Baldur’s Gate is to this day one of my favorite games, so I was absolutely stoked when I was asked to do this cover for Jim Zub and Max Dunbar’s new D&D series, Legends of Baldur’s Gate, which was announced today! I had a blast putting my spin on Minsc and Boo. GO FOR THE EYES BOO. GO FOR THE EYES!!
In medieval culture, an event like a royal christening is not a private party; it’s the public social event of the year. To not invite any person of rank to such an event is a deadly insult.
Maleficent is certainly someone you wouldn’t want at a party, but she’s also someone powerful enough that only a fool would ever dare treat her with such blatant disrespect. The only way the King and Queen could possibly have gotten away with not inviting Maleficent was to not invite any of the fairies at all; inviting the other fairies and excluding her is explicitly taking sides in the conflict between the fairy factions.
Which means they made themselves her sworn enemies, and she responded by treating them as such from then on. If you actually get into analyzing the social dynamics of the scene, it’s very clear that Maleficent was willing to show mercy at first by giving the King and Queen a chance to apologize for their disrespect to her. She doesn’t curse Aurora until after she gives them that chance and they throw it back in her face with further disrespect.
And yeah, if the King and Queen had done the properly respectful thing and invited her, Maleficent would have given Aurora a scary awesome present. Moreover so would the other fairies, because at that point both sides would be using it as an opportunity to show off and one-up each other. What they gave her before Maleficent showed up was basically just trivial party favors by fairy standards.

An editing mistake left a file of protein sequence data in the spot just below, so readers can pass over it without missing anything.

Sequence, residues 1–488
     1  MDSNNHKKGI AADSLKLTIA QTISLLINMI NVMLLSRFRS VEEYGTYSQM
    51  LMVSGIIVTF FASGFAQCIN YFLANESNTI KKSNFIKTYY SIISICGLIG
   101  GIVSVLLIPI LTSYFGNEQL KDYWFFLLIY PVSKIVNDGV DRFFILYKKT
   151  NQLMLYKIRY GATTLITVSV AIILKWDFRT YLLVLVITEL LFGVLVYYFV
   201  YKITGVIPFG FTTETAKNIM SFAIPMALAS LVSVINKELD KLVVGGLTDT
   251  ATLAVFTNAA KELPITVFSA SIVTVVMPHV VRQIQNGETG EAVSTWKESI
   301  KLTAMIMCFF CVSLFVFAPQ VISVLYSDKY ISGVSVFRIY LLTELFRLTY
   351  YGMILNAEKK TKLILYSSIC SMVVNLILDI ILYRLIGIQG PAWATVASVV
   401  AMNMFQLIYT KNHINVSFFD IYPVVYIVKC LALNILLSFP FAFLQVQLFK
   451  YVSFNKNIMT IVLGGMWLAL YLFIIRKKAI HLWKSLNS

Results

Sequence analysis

How do you know so much about the social dynamics of medieval fairies
It’s worked for white people, I figured I might as well give it a shot.
GET THIS GUY TO DISNEY WORLD DAMN IT
I want you to go man!
if this was a white girl this would have had the notes 3 weeks ago
People are sending him racist messages telling him it’s not gonna happen and he doesn’t belong in Disney World over this post. So we’re gonna reblog it even more.
Get this boy to Disney world
When hinges creak in doorless chambers, and strange and frightening sounds echo through the halls; whenever candle lights flicker where the air is deathly still—that is the time when ghosts are present, practicing their terror with ghoulish delight!
If you haven’t heard about this yet, last night the BBC aired a powerful documentary called Blurred Lines that explored casual misogyny online and rape culture.
I urge EVERYONE to watch it and spread it like fire because it gives real insight into the topic and has inspired both men and women to go to Twitter and had #blurredlines trending for 12 hours on Twitter after it aired.
(I genuinely don’t know if those outside the UK can view, so please let me know!)
It includes video footage from the Steubenville cases, it takes a look at the treatment of women in GTA, lads mags and rape jokes, the unapologetic nature of those who perpetrate rape culture etc.
One of the more interesting points of the documentary are the men who oppose rape culture and those that don’t and the societal differences between them.
After you view it please share your views, both on Tumblr and any other social media platforms you have. It’d be great if this abuse against women documentary were the first searches people came across when they search for Blurred lines.
Okay I’d like to talk about “The Hand That Rocks the Mabel” for a second because this is, I feel, one of the strongest episodes the show has to offer. It dismantles the “Nice Guy” cliche and seems to be strongly against the sexist notion that women are obligated to date men just because they are "nice."